my wife says no to painting stucco- I say yes, if properly prepared and dry. I have painted very dry stucco that we watered down first and then sprayed a coat on- let it set up, and then back rolled.
What's your opinion?

Reply:

George,

Painting stucco is widespread, worldwide. The article PAINT on STUCCO, FAILURE describes some of the snafus that prevent the paint job from satisfactory results, including painting over wet or un-cured surfaces.

Question: bubbling paint failure on 10 year old stucco paint job

12/12/2014 Dave said:

I have a stucco home that is 10 years old and was painted with a Kelly Moore elastomeric. The house was built and painted by a respected contractor, but I have no way of knowing if they made mistakes. 10 years later the paint is failing; after every rain it bubbles and peels off in sheets.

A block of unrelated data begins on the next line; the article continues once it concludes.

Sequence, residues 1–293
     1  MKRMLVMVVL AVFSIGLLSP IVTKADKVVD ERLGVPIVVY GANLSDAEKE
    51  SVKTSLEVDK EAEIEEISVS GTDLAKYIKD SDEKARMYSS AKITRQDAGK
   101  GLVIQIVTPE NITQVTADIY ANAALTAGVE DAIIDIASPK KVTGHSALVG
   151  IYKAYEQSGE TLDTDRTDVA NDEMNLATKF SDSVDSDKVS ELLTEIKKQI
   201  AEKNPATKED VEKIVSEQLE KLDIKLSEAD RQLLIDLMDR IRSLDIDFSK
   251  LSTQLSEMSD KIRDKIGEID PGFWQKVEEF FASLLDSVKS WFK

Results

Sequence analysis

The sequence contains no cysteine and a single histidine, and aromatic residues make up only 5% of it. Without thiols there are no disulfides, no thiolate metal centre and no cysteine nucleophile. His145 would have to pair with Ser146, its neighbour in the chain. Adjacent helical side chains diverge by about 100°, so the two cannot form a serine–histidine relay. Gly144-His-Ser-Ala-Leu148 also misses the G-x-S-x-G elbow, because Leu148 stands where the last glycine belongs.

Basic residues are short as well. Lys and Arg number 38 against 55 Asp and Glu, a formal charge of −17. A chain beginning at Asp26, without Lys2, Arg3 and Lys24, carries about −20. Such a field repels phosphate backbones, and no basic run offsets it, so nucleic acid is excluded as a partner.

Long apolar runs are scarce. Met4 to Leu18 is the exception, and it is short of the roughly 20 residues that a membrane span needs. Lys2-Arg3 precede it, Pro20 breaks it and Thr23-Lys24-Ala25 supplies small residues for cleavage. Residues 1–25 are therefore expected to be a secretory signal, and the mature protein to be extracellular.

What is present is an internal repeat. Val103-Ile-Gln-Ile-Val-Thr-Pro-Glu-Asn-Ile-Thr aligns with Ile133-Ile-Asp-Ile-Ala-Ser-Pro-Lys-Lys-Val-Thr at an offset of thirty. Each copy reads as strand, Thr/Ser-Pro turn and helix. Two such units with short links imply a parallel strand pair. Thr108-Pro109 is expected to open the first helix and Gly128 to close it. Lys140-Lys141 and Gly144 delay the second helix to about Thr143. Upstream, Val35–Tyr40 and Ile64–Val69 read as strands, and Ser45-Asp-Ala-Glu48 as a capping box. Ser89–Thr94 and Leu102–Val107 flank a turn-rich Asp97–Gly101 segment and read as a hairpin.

I try to repair sections and the repaired areas peel off at their old edges. The cost to mechanically or chemically remove this love is around $15k - $20k

. I went to my local Kelly Moore and they said "we didn't paint the house so its not our problem". I don't know what to do. I am finding most painters love this stuff, but don't have experience for how to handle it after a decade. Any advice would be greatly appreciated.

Reply:

Dave

I'm sympathetic to frustration with the paint failure but add that it's not unusual to see a failure occurring after 10 years of service.

My OPINION is that if the painter made mistakes that would explain a paint adhesion failure those mistakes would normally show up very quickly, often before the whole paint job is finished and certainly in the first year.